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Ivory Tower Versus Corporate Lab: An Empirical Study of Basic Research and Appropriability

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  • Manuel Trajtenberg
  • Rebecca Henderson
  • Adam Jaffe

Abstract

We explore the use of patent citations to measure the "basicness" and appropriability of inventions. We propose that the basicness of research underlying an invention can be characterized by the nature of the previous patents cited by an invention; that the basicness of research outcomes relates to the subsequent patents that cite an invention; and that the fraction of citing patents that are assigned to the same organization as the original invention is a measure of appropriabiity. We test the validity of these presumptions by comparing the value of our measures for university and corporate patents, and find that many of the measures do conform to our a priori belief that university research and research outcomes are more basic and harder to appropriate than those of corporations. We also find some evidence that basicness of outcomes is correlated with basicness of research, and that appropriability is lower for basic outcomes.

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  • Manuel Trajtenberg & Rebecca Henderson & Adam Jaffe, 1992. "Ivory Tower Versus Corporate Lab: An Empirical Study of Basic Research and Appropriability," NBER Working Papers 4146, National Bureau of Economic Research, Inc.
  • Handle: RePEc:nbr:nberwo:4146
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    Cited by:

    1. Boppart, Timo & Staub, Kevin, 2012. "Online accessibility of academic articles and the diversity of economics," Annual Conference 2012 (Goettingen): New Approaches and Challenges for the Labor Market of the 21st Century 62040, Verein für Socialpolitik / German Economic Association.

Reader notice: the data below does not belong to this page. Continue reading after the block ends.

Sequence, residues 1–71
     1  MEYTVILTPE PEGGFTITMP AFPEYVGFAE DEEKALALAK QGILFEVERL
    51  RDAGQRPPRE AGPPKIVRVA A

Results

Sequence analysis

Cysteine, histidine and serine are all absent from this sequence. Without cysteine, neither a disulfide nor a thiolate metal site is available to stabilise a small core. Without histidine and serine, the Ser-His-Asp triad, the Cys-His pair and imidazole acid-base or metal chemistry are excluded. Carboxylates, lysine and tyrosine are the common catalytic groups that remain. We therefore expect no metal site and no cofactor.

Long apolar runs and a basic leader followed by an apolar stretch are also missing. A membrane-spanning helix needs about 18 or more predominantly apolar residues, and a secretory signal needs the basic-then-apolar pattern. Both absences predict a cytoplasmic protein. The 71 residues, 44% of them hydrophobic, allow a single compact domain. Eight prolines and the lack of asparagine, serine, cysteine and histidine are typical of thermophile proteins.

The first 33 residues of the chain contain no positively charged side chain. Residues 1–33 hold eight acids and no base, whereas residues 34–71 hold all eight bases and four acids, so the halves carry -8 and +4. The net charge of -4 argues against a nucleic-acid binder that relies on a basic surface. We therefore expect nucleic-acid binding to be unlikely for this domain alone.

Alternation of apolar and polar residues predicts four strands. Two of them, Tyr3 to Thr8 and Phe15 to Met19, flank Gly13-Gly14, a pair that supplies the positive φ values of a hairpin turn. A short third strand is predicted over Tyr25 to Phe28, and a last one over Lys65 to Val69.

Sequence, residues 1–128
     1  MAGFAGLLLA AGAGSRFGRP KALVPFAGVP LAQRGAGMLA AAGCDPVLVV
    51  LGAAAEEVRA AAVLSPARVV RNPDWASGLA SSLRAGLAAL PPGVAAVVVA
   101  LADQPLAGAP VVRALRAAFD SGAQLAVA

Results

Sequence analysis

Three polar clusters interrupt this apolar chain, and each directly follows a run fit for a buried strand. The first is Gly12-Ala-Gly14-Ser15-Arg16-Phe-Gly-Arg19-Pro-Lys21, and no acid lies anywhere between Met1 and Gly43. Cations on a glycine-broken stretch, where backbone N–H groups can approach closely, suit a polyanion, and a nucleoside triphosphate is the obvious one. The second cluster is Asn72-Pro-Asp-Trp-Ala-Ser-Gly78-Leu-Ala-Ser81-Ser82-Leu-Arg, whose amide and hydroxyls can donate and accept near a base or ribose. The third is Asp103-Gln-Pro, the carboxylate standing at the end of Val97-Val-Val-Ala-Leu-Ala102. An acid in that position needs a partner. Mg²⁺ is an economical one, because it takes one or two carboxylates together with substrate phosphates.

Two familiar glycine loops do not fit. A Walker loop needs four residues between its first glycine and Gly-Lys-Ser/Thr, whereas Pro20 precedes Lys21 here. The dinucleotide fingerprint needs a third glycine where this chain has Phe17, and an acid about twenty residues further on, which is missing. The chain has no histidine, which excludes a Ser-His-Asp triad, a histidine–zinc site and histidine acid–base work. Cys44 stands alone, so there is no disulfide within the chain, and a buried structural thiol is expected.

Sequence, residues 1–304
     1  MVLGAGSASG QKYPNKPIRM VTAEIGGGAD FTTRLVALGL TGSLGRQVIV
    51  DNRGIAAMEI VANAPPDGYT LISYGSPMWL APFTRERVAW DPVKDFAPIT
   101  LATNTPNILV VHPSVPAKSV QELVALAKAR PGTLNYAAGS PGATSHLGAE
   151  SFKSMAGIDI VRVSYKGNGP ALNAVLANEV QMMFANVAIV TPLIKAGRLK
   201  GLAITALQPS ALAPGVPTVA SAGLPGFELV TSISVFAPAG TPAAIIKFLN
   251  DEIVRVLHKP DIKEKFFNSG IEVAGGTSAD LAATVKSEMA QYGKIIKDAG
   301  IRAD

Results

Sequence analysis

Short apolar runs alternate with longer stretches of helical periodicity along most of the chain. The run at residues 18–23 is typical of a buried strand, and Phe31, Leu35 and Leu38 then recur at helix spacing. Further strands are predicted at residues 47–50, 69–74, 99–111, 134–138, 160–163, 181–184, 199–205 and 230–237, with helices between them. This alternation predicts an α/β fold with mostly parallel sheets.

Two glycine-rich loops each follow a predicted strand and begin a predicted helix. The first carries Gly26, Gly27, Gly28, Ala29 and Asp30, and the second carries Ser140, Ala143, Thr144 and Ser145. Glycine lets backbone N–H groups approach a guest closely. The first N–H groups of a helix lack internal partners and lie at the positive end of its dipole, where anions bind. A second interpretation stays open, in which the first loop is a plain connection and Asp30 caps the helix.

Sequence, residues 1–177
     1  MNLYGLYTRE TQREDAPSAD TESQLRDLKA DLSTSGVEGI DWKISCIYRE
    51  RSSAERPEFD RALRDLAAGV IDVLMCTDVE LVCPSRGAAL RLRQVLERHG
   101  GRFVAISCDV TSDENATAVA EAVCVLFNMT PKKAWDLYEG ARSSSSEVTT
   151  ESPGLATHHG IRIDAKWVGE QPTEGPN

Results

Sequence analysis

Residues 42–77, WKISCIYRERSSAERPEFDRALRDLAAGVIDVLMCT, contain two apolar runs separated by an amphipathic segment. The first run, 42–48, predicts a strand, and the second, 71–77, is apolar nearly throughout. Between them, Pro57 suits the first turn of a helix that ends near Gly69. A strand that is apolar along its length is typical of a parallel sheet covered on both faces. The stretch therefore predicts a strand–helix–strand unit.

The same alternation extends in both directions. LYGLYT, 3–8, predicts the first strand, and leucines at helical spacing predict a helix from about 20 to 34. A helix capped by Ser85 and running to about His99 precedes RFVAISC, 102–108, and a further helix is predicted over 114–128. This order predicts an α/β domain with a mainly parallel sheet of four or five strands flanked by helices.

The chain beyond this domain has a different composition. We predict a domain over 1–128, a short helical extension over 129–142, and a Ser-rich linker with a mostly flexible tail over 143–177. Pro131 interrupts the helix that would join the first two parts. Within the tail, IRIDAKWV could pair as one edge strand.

2. Rebecca Henderson & Adam B. Jaffe & Manuel Trajtenberg, 1998. "Universities As A Source Of Commercial Technology: A Detailed Analysis Of University Patenting, 1965-1988," The Review of Economics and Statistics, MIT Press, vol. 80(1), pages 119-127, February.
    3. Lach, Saul, 1995. "Patents and productivity growth at the industry level: A first look," Economics Letters, Elsevier, vol. 49(1), pages 101-108, July.
    4. Bosetti, Valentina & Carraro, Carlo & Massetti, Emanuele & Tavoni, Massimo, 2008. "International energy R&D spillovers and the economics of greenhouse gas atmospheric stabilization," Energy Economics, Elsevier, vol. 30(6), pages 2912-2929, November.
    5. Heide Fier & Andreas Pyka, 2014. "Against the one-way-street: analyzing knowledge transfer from industry to science," The Journal of Technology Transfer, Springer, vol. 39(2), pages 219-246, April.
    6. Martin, Fernand, 1998. "The economic impact of Canadian university R&D," Research Policy, Elsevier, vol. 27(7), pages 677-687, November.
    7. repec:eee:respol:v:46:y:2017:i:10:p:1738-1754 is not listed on IDEAS
    8. Czarnitzki, Dirk & Thorwarth, Susanne, 2012. "Productivity effects of basic research in low-tech and high-tech industries," Research Policy, Elsevier, vol. 41(9), pages 1555-1564.